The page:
Career offices have expanded their role by giving students and alumni lifelong services that not only help the students and alumni identify and use the appropriate resources to obtain their first jobs but also help them assess and discover their ideal careers.

This is not promising. Lifelong services? In theory, it would be great if a 45-year-old lawyer who has been practicing for 15-20 years could stop by the center and get actual career advice. But think about this - why would this lawyer actually do that? Why would he seek the advice of a bunch of people who stopped practicing law after about four years so they could work part-time in the career center and who do nothing other than sit around and hope employers contact them to post job openings? Is it because these counselors have excellent access to "the appropriate resources" to "assess and discover their ideal careers"? Twenty years ago, this might have made sense. But, see, we have this new invention, called the Internet. Sick of law firm life after 15-20 years? Sure, you can call the career center, but how about going on line and doing your own research about new careers? Hopefully you'll also talk to friends, family and others WHO CAN ACTUALLY HELP YOU get a job. Let's say you want to go in-house after being a litigator. Talk to people who work in house. Want to switch to public interest law? Do you really need the career center to give you the names of some UM alumni who work in the field? Get your ass down to the local non-profit legal aid center and talk to someone.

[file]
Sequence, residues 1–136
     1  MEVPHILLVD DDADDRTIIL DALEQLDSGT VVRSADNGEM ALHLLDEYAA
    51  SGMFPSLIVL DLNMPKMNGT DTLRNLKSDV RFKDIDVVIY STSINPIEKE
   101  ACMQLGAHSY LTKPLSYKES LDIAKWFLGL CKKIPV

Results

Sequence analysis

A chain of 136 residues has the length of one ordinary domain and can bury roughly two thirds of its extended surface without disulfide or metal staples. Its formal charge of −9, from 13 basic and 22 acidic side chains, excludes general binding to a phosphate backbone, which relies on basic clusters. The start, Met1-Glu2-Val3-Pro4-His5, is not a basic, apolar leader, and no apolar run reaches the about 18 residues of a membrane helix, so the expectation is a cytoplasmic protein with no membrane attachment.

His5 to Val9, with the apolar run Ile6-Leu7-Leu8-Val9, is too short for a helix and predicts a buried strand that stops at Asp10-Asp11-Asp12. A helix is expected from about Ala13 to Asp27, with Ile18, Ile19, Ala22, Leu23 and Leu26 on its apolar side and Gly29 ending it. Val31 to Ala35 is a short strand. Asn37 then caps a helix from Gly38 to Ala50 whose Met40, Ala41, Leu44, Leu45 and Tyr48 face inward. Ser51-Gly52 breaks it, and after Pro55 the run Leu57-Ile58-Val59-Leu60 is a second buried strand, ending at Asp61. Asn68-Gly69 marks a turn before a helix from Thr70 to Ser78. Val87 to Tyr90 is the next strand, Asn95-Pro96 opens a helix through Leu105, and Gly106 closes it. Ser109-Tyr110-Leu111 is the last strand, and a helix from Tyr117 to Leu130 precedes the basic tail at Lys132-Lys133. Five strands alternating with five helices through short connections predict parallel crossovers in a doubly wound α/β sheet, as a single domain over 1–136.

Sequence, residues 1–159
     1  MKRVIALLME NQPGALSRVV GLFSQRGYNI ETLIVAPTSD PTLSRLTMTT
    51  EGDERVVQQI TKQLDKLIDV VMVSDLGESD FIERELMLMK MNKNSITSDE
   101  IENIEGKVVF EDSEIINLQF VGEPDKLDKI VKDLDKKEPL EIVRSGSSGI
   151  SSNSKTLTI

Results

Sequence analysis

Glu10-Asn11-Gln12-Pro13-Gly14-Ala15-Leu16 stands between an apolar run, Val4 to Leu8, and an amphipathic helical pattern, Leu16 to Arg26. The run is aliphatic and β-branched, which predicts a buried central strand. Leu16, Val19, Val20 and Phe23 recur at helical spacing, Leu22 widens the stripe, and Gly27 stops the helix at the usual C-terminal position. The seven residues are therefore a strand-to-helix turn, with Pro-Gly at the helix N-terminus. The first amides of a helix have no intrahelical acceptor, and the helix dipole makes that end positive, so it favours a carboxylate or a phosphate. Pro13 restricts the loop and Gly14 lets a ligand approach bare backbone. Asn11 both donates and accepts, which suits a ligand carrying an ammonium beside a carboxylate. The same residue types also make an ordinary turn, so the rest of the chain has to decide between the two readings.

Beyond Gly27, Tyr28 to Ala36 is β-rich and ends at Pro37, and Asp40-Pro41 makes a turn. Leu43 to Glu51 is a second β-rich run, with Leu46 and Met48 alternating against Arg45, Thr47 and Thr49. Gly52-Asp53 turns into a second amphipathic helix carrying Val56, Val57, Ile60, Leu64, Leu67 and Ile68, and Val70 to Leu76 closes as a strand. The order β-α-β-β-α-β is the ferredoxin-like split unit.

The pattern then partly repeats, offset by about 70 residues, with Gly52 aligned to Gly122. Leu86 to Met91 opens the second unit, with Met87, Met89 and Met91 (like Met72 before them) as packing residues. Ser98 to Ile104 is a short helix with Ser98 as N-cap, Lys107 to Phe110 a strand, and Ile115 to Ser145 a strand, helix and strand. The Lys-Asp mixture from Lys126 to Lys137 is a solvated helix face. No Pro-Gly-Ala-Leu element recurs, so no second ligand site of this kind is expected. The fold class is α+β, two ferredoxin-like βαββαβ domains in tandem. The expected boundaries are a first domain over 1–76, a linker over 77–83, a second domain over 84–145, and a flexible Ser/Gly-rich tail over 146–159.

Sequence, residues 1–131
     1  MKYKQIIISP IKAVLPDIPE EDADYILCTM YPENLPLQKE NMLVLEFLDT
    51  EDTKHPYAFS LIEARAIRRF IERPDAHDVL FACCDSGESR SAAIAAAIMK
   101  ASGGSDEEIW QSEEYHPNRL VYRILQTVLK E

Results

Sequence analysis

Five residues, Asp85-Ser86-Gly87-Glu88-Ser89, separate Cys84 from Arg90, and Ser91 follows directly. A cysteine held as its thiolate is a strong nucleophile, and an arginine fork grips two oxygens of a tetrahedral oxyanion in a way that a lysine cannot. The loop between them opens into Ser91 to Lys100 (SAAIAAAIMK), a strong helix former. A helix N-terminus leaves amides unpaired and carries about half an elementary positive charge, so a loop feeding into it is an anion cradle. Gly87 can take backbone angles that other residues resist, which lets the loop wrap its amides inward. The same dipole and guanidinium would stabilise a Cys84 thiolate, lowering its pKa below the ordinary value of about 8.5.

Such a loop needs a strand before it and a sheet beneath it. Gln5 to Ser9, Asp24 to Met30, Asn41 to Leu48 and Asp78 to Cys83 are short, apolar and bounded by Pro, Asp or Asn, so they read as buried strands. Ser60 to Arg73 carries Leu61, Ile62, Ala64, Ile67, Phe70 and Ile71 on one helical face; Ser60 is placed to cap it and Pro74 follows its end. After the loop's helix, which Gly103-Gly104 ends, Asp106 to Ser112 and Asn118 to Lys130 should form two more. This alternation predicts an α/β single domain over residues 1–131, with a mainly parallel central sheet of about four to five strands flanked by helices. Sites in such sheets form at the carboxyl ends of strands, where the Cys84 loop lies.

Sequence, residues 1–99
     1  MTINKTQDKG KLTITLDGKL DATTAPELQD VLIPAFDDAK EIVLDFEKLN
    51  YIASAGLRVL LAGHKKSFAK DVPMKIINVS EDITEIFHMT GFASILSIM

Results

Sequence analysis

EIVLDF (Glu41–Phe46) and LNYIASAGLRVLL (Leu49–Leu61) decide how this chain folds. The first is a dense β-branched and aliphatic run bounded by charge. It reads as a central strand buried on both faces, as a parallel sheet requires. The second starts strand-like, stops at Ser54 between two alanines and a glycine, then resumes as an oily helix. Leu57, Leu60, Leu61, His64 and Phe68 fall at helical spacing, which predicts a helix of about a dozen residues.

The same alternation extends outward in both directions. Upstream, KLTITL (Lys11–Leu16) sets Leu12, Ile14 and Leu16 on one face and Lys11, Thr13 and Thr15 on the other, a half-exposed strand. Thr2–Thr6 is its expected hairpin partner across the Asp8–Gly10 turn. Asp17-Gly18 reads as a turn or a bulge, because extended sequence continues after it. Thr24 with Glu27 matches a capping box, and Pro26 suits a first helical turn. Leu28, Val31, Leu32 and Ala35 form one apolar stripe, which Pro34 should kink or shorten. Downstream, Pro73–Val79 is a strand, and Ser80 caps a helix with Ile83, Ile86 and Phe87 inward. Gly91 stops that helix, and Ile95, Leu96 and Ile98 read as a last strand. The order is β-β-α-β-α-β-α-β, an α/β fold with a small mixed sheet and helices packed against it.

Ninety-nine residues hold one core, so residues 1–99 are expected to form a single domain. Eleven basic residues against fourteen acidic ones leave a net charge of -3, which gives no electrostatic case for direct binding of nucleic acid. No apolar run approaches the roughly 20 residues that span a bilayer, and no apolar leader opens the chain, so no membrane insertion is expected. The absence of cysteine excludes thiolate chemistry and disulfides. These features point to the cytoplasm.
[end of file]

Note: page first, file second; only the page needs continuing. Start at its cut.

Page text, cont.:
We feel that the new name accurately represents this progressive change

What does this even mean? Progressive change? Is there any other kind of change? Would you admit to regressive change? Progressive is a buzz word that means absolutely nothing.

and ask you to join us in using the name and sharing it with others in our community.